Dorico 3.5 certain notes not playing

I have encountered a strange behavior that I never saw before 3.5. Certain notes don’t play at all. I have seen some cases like that in the past with overlapped or very short notes. But in this current case, these are lengthy notes with no overlap. I see no reason why they shouldn’t sound. In every case, it is the first note in a phrase. The second and all subsequent notes in the same phrase all play normally. If I go into PLAY mode and do even is very slight adjustment to the length or starting position, then the note sounds as expected.

It may be significant that I do have swing set on this project, and I think the silent notes all began on offbeats – I’m not sure about that.

I was in a hurry with this project, so I just fixed things in PLAY mode and didn’t try to isolate the problem. I think I can isolate it into a repeatable example. I will try to do that today, but just wanted to know if anybody else has see anything similar.

Have you read this thread?

If there are repeats in your project, that may be the explanation, per the thread Leo has linked to.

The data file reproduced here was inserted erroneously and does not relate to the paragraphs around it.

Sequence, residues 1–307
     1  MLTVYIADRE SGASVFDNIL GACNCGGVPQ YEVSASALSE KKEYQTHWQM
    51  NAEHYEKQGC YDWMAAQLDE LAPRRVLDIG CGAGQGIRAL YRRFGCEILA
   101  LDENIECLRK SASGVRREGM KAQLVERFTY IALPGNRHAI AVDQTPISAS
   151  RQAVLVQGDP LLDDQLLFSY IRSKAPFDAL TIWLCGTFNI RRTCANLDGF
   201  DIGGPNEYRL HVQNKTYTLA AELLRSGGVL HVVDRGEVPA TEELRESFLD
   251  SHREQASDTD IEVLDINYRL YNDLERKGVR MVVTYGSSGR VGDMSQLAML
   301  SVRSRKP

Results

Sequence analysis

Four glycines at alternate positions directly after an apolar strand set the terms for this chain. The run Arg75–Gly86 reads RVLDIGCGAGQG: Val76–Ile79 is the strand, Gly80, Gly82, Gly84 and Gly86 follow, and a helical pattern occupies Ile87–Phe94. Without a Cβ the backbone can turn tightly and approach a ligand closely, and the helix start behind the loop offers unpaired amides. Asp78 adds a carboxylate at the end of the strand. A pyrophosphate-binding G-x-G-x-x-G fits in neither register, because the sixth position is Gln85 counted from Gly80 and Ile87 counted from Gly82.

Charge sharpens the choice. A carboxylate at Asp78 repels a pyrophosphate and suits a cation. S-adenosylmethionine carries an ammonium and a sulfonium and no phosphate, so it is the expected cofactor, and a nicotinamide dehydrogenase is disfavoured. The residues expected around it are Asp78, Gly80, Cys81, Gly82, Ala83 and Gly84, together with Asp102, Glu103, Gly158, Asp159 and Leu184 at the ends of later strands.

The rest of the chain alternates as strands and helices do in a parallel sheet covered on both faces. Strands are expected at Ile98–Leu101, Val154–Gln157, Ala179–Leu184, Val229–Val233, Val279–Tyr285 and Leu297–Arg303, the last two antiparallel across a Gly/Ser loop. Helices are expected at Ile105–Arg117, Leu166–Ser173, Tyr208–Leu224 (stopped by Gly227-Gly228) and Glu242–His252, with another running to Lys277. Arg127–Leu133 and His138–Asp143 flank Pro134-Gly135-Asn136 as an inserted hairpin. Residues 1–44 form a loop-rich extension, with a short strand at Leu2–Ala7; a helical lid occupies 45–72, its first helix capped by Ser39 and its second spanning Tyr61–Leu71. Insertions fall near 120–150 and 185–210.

No. I did not see that, thank you.

I am not sure this lines up with my situation. I will explore further.

I believe all notes played reasonably when switching to NP, but I may be wrong about that.

I will try to isolate. In my case, there is only an initial 4-bar section with actual repeat markers and none of the missing notes happen in that section. The remainder of the piece (where the silent notes lie) has D.S. al Coda.

I should have backup copies of the file that exhibit the problem.


Correction. I have found one case where a note doesn’t play under NP, so I think this problem is independent of the VSTi

I have attached a project that exhibits this problem. I see no rhyme or reason to it. In this project, there is one note that does not sound – the first note in bar 26. I have removed everything I can from the projects. At this point, anything else I delete, causes the note to start sounding properly. That includes dynamics, notes or measures. Even turning some distant notes into rests is enough to get the problem note sounding.
Note (933 KB)

It plays if you remove the staccato, no idea what’s going on here though…

It also plays if you turn off playback of Repeats, from Playback Options, as Daniel suggested higher up the thread (and in the thread I linked to).
It’ll play if you move the forte to fractionally earlier (even a demisemiquaver/32nd note will do).

I tried inserting a measure and re-entering the music, which works fine. But then deleting the extra measure breaks it again.
I don’t know enough to suggest anything else…

I question whether it is related to any of those particular solutions. It seems that if you change ANYTHING, it plays. It feels more like a case of a stack overflow or something, not directly related to any particular feature.

I don’t need playback for this project. I am just posting this so that the developers might have something to poke at.